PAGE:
Protect your heart by avoiding these 10 bad habits

heart condition
Written by admin-sameL

1. Not flossing your teeth

According to recent studies, people who suffer from gum disease are at higher risk of developing heart disease. Indeed, bacteria due to gum disease are likely to travel throughout the body and trigger inflammation of the arteries.

2. Taking too much ibuprofen

Although it is useful for relieving headaches and pain, it is still important to beware of the side effects of ibuprofen. People who take too much ibuprofen have a higher risk of heart attack, stroke, and blood clots.

3. Smoking

You don’t learn anything by telling you that smoking is fatal to your health. According to the latest Government of Canada census, more than 37,000 Canadians die prematurely each year because of tobacco use. Smoking contributes to clogged arteries, increases the risk of blood clots, reduces the oxygen content of the blood and increases blood pressure. Did you know that after a year of not smoking, the risk of death from cardiovascular disease is cut in half, and after 15 years, the risk is no greater than that of a person who has never smoked? If you think you can’t do it alone, don’t hesitate to consult a health care professional.

4. Snore

Snoring may be a sign that you have sleep apnea, which is characterized by a cessation of breathing. If this is the case, it can cause your blood pressure to rise.

5. Do not exercise

One of the main causes of cardiovascular disease is certainly a sedentary lifestyle. To keep your heart healthy, it is recommended to exercise 30 to 60 minutes a day. Taking the stairs instead of the elevators, getting off at a subway station earlier, walking 15 minutes after a meal are a few examples that are easy to apply in our daily lives. It is advisable to take about 10,000 steps a day, get a pedometer, and set goals, it will help motivate you!

6. Eating an unhealthy diet

For the good of our hearts, it is essential to eat well. Are you eating enough fruits and vegetables? These foods are rich in vitamins and minerals that protect the heart and blood vessels. In addition, they are a source of fiber and their antioxidant properties slow down the development of arterial blockages. Get into the habit of cooking. Prepare varied and balanced meals, remember that half of your plate should consist of vegetables. If you don’t have time to cook during the week, prepare more meals on weekends and freeze them.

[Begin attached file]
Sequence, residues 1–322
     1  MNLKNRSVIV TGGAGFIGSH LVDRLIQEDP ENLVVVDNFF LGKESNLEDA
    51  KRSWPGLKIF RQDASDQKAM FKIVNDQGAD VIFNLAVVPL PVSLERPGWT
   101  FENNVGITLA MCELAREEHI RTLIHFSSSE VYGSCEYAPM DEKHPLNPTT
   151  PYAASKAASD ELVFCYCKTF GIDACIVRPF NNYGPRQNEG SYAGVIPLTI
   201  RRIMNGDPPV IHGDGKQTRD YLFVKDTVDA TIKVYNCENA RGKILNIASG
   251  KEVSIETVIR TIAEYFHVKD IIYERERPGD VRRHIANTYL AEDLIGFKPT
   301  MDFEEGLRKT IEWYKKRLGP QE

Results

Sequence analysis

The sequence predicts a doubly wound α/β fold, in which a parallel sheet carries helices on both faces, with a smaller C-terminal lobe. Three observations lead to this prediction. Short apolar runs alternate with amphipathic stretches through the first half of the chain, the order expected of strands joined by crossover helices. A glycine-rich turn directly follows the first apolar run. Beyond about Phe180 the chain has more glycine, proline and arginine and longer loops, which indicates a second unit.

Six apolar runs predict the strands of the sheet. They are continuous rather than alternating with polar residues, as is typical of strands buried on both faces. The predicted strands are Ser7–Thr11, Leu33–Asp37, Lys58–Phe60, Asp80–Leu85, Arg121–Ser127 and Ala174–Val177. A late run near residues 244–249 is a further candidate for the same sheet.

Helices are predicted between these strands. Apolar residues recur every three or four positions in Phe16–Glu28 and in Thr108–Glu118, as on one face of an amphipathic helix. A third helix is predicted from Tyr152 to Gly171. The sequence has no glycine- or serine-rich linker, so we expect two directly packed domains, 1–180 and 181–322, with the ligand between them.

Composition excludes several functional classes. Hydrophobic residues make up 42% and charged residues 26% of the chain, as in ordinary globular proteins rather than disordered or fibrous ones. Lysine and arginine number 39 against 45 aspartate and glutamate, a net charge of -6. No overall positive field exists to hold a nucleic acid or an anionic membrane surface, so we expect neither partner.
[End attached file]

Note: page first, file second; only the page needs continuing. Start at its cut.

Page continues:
7. Skip breakfast

In addition to not starting the day well, not eating in the morning inevitably leads to an increase in the number of calories at other meals. According to a study conducted by researchers at Harvard University, this increases the risk of heart attack by 27%.

8. Eating trans fats

Trans fat is one of the main factors that damage the heart. Where is it found? In processed foods, such as snacks, muffins, cookies, etc. In addition to enhancing the texture and flavor of products, trans fat helps extend its shelf life. These are aspects that companies, but certainly not consumers, favor. The consumption of trans fat raises the level of bad cholesterol and lowers the level of good cholesterol in the system. As a result, it increases your chances of suffering from heart disease. If you can, avoid processed foods. Otherwise, read the ingredients carefully and discard those with that ingredient. The best alternative? Make your own snacks or choose unsalted nuts, which are excellent sources of protein and unsaturated fats.

9.  Stress

One of the most difficult factors to control, but whose consequences are just as important for the heart, is stress. It is responsible for causing high blood pressure, raising cholesterol levels and narrowing the arteries, and it is essential to know how to control it. Take the time to identify the sources of stress in your life, those that can be eliminated and those that you need to learn to deal with. Then find ways to relax. Exercise, meditate, read… In short, take some time for yourself, it will do you a world of good.

10. Have an atypical schedule

According to studies conducted by researchers at Western University, people who work shifts are 23% more likely to suffer a heart attack. This is mainly because this irregular schedule causes a disruption of the heart rhythm.


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